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Asian currencies firm as dollar drops on Fed rate pause bets

Asian currencies

The Chinese yuan soared 0.5 per cent, the Australian dollar jumped 0.6 per cent, the South Korean won climbed 0.6 per cent, and the Japanese yen added 0.5 per cent

Most Asian currencies firmed sharply on Monday, tracking extended declines in the dollar amid increasing speculations that the Fed was done hiking interest rates, while promises of more Chinese stimulus measures also aided sentiment.

The Chinese yuan soared 0.5 per cent to its highest level against the dollar since early-August. The biggest point of support for the yuan was a substantially stronger-than-expected daily midpoint fix by the People’s Bank of China (PBOC).

The PBOC held its benchmark loan prime rate near record lows on Monday, while also injecting around 80 billion yuan of liquidity into the economy.

Separately, Chinese officials vowed more policy support for the country’s troubled property sector- a move that helped shore up confidence over one of China’s biggest industries. Troubles in the property sector have been a major headwind to China over the past three years.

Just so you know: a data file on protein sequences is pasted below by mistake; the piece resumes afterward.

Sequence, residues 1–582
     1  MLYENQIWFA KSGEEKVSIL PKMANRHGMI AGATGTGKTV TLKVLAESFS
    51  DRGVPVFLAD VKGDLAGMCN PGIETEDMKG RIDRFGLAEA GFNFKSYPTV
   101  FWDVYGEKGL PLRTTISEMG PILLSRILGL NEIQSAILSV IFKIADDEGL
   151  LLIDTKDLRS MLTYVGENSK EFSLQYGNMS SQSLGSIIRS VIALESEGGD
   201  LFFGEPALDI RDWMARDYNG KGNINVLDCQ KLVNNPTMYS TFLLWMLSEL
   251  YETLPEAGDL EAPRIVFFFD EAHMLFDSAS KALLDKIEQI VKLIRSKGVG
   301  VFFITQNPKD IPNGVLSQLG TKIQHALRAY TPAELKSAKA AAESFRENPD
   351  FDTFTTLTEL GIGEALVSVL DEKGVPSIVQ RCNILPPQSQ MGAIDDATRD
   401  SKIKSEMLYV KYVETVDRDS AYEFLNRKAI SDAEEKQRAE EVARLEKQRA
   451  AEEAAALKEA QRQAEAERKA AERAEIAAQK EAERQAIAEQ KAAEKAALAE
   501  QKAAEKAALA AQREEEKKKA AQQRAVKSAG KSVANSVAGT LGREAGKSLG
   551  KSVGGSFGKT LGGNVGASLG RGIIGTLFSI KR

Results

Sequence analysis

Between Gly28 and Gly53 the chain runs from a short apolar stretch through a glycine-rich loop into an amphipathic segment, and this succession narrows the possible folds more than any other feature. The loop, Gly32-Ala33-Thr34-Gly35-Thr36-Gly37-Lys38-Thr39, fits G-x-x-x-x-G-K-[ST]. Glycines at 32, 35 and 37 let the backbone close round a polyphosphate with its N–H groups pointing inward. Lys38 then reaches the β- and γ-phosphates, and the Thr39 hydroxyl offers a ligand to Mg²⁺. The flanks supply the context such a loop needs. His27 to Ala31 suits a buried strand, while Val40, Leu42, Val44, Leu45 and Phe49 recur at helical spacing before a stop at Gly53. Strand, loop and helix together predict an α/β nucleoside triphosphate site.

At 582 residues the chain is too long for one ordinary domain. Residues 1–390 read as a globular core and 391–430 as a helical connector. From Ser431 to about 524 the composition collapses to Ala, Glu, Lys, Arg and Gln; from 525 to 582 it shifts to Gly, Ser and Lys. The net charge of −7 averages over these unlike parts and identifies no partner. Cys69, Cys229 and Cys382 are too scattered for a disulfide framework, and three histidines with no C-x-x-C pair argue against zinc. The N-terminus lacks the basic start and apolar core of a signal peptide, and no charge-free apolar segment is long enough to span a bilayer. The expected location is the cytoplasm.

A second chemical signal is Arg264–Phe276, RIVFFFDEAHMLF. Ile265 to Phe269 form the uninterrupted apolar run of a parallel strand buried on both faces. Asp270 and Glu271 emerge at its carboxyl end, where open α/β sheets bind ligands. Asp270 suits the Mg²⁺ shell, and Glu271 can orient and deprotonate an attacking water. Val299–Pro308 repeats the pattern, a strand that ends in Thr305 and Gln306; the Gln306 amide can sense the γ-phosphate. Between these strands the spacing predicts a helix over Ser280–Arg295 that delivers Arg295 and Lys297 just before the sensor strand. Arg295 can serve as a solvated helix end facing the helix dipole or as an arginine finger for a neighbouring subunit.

Optimism over China saw the Australian dollar climb 0.6 per cent, with attention also turning to the minutes of Reserve Bank of Australia’s (RBA) November meeting, due on Tuesday. The RBA had hiked interest rates by 25 bps, but offered somewhat dovish cues on future rate hikes.

The South Korean won climbed 0.6 per cent, while the Indian rupee saw limited strength as oil prices bounced back. Wider Asian currencies were largely bolstered by weakness in the dollar, which dipped to a more than two-month low.

The Japanese yen was among the biggest beneficiaries of dollar weakness, adding 0.5 per cent and strengthening below the 150 level to the dollar for the first time in around three weeks.

The yen had been battered by dovish signals from the BoJ earlier this month, which indicated that interest rates were likely to remain ultra-low for the time being.

But with markets now growing less fearful of more U.S. rate hikes, the yen found some respite.

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